6049/

10 669

(56·9%)

6119/10 669

(57·4%)

4574/10 669

(42·9%)

Rubin[18]

N = 997

278/989

(28·1%)

  

169/976

(17·3%)

 

35/955

(3·7%)

5/732

(0·7%)

2/486

(0·4%)

20/710

(2·8%)

Seale[20]

N = 627

303/627

(48·3%)

195/627

(31·1%)

54/627

(8·6%)

21/627

(3·3%)

46/627

(7·3%)

Setbon[22]

N = 1003

59·7%3·3%14·6%1·5%12·8%
Pharmaceutical mitigation strategies (use of antivirals and vaccines)

Intention to accept either antiviral medication or a vaccine against H1N1 (when it became available) was reported by more than 50% of respondents in seven studies (Suppl file 3).[6-8, 10, 12, 23, 24] In one US study,[17] far fewer respondents indicated intention to vaccinate (8·7%) but in this study, respondents were asked whether they would accept a new, as yet unapproved, vaccine. As with other behavioural outcomes, many fewer respondents reported either buying or using antivirals (<2% of respondents in two studies, one Australian and one conducted in the Netherlands)[8, 12] or receiving the H1N1 vaccine when it was available (11–16% in two studies).[15, 24]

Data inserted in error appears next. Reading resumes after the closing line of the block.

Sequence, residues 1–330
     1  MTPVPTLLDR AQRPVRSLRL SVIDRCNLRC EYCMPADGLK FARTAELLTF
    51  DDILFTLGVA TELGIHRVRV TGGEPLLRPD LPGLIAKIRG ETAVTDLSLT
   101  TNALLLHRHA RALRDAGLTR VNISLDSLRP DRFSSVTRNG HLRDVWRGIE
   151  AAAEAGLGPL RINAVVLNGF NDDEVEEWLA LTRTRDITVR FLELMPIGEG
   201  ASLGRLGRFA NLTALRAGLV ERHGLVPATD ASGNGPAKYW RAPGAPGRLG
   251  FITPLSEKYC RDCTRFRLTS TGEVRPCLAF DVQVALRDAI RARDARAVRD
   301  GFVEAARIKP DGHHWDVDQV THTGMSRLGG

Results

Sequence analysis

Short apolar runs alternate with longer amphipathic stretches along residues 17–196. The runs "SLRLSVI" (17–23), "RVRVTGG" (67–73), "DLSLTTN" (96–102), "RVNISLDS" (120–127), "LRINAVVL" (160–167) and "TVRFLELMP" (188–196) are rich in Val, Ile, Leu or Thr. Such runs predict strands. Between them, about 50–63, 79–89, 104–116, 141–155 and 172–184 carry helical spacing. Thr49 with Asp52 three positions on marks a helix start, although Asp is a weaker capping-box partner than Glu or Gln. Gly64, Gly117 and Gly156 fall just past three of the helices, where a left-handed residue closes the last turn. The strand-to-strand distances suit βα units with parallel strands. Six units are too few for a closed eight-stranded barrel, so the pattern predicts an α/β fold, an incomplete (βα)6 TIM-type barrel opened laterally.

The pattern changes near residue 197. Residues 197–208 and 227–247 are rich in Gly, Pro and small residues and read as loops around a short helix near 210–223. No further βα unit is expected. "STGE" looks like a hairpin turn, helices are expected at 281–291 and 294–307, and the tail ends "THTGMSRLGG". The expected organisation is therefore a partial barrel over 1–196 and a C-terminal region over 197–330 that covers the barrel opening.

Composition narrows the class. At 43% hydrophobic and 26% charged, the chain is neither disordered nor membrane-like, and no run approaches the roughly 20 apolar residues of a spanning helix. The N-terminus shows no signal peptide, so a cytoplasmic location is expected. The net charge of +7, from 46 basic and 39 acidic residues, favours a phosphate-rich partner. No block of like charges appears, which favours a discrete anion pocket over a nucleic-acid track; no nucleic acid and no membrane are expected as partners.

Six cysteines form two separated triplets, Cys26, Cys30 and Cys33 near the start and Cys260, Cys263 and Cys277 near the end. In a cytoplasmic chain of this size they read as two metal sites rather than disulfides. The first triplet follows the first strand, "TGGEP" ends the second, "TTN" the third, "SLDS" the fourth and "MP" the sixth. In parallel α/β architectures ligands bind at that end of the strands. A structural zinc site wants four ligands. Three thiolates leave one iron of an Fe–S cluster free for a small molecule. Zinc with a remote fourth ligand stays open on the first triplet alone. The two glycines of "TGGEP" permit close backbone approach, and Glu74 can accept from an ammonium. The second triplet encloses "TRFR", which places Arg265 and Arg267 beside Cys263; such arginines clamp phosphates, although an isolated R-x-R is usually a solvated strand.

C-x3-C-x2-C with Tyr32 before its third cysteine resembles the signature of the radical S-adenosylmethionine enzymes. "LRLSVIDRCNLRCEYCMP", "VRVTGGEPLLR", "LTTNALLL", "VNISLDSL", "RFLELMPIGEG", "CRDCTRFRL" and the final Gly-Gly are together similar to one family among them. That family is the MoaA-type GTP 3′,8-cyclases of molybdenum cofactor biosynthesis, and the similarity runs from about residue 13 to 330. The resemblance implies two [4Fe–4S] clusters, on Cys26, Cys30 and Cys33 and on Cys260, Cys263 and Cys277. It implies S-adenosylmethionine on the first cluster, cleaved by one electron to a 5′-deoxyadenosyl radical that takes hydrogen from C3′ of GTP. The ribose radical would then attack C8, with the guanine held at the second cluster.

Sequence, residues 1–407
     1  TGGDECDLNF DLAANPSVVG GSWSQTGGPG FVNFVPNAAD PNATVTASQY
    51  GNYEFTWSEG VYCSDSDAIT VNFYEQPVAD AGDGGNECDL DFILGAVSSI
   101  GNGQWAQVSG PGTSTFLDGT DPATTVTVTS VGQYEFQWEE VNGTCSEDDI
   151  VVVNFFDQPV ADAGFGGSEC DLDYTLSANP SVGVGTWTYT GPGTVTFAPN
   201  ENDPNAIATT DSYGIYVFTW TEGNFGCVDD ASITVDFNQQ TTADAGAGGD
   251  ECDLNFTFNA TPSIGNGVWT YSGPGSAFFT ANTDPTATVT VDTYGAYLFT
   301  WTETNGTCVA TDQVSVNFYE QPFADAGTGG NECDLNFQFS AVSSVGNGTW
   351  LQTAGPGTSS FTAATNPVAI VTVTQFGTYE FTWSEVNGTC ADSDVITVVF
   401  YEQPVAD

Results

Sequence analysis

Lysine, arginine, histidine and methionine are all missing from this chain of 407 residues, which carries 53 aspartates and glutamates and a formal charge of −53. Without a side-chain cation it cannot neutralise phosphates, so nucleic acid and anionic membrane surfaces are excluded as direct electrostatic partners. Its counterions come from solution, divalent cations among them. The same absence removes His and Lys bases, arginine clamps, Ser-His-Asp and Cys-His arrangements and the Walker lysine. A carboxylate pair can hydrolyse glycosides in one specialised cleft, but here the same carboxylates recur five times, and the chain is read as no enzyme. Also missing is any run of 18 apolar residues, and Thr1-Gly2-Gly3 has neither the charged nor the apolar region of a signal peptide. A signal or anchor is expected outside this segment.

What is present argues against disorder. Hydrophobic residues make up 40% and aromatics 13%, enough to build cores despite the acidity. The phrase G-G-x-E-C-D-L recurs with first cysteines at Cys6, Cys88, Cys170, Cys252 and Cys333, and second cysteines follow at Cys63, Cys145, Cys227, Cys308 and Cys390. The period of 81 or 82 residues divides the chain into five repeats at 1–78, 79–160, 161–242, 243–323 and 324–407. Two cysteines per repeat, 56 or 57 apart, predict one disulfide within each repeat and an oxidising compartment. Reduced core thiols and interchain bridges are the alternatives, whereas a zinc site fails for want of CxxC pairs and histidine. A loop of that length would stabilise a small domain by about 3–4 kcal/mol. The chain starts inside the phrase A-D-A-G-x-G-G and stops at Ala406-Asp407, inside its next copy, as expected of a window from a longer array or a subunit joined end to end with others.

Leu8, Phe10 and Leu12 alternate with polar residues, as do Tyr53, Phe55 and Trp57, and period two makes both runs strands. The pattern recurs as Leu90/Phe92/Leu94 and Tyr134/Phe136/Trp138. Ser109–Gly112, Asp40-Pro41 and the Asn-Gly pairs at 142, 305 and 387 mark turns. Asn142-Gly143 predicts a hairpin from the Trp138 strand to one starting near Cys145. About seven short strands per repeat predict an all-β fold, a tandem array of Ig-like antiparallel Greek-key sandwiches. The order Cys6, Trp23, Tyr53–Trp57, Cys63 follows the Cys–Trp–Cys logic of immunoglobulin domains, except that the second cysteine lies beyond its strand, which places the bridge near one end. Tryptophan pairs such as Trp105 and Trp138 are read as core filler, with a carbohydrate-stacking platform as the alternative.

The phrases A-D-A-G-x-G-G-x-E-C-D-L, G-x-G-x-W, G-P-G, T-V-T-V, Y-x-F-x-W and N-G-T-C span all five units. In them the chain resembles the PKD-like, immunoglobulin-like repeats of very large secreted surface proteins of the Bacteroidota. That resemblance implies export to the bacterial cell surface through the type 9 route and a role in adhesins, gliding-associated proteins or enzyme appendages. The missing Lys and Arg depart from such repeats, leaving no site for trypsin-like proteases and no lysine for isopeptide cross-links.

Associations between outcomes and demographic and H1N1 factors

Table 6 summarises the relationship between study outcomes and demographic and H1N1 factors. There was a great deal of consistency in the direction of these findings; however, the actual adjusted odds ratios differed significantly probably due to the variability of outcome measures used and differences in which factors were included in multivariate regression analyses. Consequently, these data are not reported here.

Table 6. Associations between H1N1 outcomes and demographic and H1N1 factors
 KnowledgeAwarenessConcernBehaviourIntentionsAccept antiviralPay for antiviral